FIGS. 2A and 2B are circuit diagrams each showing a pixel included in the semiconductor device of the invention.

FIG. 3 is a mask layout diagram.

FIG. 4 is a mask layout diagram.

FIG. 5 is a mask layout diagram.

FIGS. 6A and 6B are cross sectional views of a transistor and a light emitting element.

FIGS. 7A and 7B are timing charts.

FIGS. 8A to 8C are diagrams showing configurations of a panel and a driving circuit.

FIGS. 9A to 9H are views showing electronic apparatuses using the invention.

FIG. 10 is a mask layout diagram.

FIG. 11 is a circuit diagram of a pixel included in the semiconductor device of the invention.

FIGS. 12A and 12B are diagrams each showing a panel and lead wirings of a power supply line.

FIG. 13 is a diagram showing a contact portion between an auxiliary wiring and a conductive layer.

FIG. 14 is a diagram showing a contact portion between an auxiliary wiring and a conductive layer.

FIG. 15 is a diagram showing a contact portion between an auxiliary wiring and a conductive layer.

FIGS. 16A and 16B are cross sectional views each showing a transistor and a light emitting element.

FIGS. 17A and 17B are cross sectional views each showing a transistor and a light emitting element.

FIG. 18 is a mask layout diagram.

FIG. 19 is a mask layout diagram.

FIGS. 20A to 20C are diagrams showing operations of a pixel.

FIGS. 21A and 21B are diagrams each showing a panel.

DETAILED DESCRIPTION OF THE INVENTION

[Embodiment Mode 1]

A circuit configuration of a pixel included in the semiconductor device of the invention is described with reference to FIGS. 1A to 11. A pixel shown in FIG. 1A comprises a signal line 21 and power supply lines 22 and 23 arranged in columns and a scan line 24 arranged in rows. The pixel also comprises a switching transistor 11 (hereinafter referred to as a transistor 11), a driving transistor 13 (hereinafter referred to as a transistor 13), a current controlling transistor 14 (hereinafter referred to as a transistor 14), a protection means 15, and a light emitting element 16. One electrode of the light emitting element 16 is connected to a counter power supply 25.

A pixel shown in FIG. 1B has the same configuration as that in FIG. 1A, except that a gate electrode of the transistor 13 is connected to a power supply line 26 arranged in rows. That is, the pixels shown in FIGS. 1A and 1B show the same equivalent circuit diagram. However, in the case where the power supply line 23 is arranged in columns (FIG. 1A), the power supply line 23 is formed of a conductive material of the same layer as the signal line 21 and the power supply line 22. Meanwhile, in the case where the power supply line 26 is arranged in rows (FIG. 1B), the power supply line 26 is formed of a conductive material of the same layer as the scan line 24. In this embodiment mode, the power supply lines 23 and 26 are shown in FIGS. 1A and 1B respectively in order to show that these power supply lines are formed on different layers.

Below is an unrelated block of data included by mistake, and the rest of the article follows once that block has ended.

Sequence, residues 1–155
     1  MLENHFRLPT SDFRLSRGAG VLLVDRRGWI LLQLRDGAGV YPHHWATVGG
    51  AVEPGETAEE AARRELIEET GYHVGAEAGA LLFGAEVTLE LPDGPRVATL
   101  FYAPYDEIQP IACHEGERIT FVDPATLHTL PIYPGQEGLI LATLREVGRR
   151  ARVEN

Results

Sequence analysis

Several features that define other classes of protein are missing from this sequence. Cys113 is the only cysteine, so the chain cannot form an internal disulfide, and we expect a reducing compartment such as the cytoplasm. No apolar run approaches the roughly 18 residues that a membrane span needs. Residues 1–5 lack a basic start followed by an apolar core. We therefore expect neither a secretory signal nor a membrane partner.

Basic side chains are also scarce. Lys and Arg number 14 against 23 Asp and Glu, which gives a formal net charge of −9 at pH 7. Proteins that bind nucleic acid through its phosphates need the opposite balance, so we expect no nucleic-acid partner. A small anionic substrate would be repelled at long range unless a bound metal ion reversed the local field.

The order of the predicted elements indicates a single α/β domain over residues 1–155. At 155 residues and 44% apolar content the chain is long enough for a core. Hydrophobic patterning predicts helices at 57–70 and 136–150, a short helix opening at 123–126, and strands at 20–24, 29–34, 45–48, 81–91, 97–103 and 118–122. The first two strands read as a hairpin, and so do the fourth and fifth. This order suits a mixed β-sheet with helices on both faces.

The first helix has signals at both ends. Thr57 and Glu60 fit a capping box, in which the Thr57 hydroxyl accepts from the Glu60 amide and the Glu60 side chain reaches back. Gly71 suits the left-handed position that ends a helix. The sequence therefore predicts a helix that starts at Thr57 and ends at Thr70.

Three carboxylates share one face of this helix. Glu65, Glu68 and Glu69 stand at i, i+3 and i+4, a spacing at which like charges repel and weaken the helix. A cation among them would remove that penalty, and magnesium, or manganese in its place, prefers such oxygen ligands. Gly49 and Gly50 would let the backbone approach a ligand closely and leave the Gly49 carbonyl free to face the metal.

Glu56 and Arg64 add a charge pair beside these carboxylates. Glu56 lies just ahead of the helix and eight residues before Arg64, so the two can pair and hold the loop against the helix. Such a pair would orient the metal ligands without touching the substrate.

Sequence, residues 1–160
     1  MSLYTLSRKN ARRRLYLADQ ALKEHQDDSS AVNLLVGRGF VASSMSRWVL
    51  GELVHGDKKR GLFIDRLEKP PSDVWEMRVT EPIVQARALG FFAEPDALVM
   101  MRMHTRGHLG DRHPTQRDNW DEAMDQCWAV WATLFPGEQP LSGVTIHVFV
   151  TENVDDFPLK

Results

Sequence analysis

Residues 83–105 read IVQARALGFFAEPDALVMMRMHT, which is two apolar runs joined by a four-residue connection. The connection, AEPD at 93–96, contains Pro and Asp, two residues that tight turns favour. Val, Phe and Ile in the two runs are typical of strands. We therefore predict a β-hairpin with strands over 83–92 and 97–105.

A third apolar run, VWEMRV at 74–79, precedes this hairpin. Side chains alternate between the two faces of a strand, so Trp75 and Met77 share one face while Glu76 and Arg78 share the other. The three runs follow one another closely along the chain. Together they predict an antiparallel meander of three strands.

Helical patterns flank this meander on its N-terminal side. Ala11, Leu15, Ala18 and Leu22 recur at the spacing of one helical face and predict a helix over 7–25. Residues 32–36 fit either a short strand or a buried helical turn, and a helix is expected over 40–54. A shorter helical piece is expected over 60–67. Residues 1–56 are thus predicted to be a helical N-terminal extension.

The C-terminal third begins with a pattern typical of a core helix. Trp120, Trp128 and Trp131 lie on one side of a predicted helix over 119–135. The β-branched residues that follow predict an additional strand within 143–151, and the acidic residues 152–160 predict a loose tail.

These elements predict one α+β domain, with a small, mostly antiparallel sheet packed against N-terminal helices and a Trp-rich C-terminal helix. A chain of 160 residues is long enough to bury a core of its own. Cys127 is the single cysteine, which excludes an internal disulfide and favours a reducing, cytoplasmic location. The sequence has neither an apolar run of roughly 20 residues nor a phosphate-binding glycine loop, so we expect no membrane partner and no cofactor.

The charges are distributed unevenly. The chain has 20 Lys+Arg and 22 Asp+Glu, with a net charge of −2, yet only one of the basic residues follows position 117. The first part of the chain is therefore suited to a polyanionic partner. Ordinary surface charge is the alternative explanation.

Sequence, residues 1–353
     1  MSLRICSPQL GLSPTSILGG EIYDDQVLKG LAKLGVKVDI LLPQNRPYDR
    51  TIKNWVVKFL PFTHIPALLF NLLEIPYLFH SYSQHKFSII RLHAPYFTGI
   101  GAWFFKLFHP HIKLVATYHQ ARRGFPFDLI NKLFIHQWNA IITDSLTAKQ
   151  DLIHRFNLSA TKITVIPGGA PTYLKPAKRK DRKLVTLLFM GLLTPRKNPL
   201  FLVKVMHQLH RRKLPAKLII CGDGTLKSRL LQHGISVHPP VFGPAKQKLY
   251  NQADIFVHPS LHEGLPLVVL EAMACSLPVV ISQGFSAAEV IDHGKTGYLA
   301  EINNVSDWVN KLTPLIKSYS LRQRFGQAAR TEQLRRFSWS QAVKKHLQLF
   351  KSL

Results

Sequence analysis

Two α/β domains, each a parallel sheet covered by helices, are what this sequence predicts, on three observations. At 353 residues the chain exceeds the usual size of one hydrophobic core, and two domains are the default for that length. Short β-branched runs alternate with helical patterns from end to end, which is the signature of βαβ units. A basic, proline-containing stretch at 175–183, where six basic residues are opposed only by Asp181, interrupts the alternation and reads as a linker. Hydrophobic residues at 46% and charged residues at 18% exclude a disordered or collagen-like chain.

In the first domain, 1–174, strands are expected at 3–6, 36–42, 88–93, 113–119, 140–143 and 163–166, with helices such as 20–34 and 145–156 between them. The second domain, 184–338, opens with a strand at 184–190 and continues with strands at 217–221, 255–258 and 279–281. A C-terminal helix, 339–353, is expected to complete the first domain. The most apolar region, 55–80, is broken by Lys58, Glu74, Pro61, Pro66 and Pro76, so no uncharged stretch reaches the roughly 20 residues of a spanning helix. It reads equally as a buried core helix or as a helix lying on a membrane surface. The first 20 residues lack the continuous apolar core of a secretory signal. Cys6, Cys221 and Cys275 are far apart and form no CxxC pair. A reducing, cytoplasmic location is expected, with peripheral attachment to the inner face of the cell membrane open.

One of the features of the pixels shown in FIGS. 1A and 1B is that the protection means 15 is provided between the transistor 13 and the light emitting element 16. The protection means 15 corresponds to at least one of a resistor element, a capacitor element and a rectifier element. The rectifier element corresponds to a diode or a transistor whose drain electrode and gate electrode are connected to each other.

When using a resistor element 30 as the protection means 15 (FIG. 1C), the resistor element 30 is disposed between a pixel electrode and a source electrode or a drain electrode of the transistor 13 so that electric charges built up on the pixel electrode are not supplied to the transistor directly and at a time. Accordingly, sudden changes in potential of the source electrode or the drain electrode of the transistor 13 can be avoided. At this time, the resistor element 30 has a resistance value of a few tens of kΩ to a few hundreds of kΩ, and more preferably, 20 to 80 kΩ. Alternatively, the resistor element 30 may have a resistance value of 1% or less of that of the light emitting element 16. The resistor element 30 may be formed of semiconductor, metal or the like for forming a gate electrode and a wiring, and the form of the resistor element 30 in a pixel is not especially limited.

When using a capacitor element 31 as the protection means 15 (FIG. 1D), the capacitor element 31 charges or discharges electric charges built up on the pixel electrode, and divides the electric charges between the capacitor element 31 and the transistor 13. Accordingly, sudden changes in potential of the source electrode or the drain electrode of the transistor 13 can be avoided. The capacitor element 31 has a capacitance value of a few tens of fF to a few hundreds of fF, and more preferably, 100 to 200 fF. The capacitor element 31 may be formed of semiconductor, metal or the like for forming a gate electrode and a wiring, and the form of the capacitor element 31 in a pixel is not especially limited. It is to be noted that although one electrode of the capacitor element 31 is connected to the gate electrode of the transistor 13 in FIG. 1D, the invention is not limited to this and it may be connected to a gate electrode of the transistor 14 instead.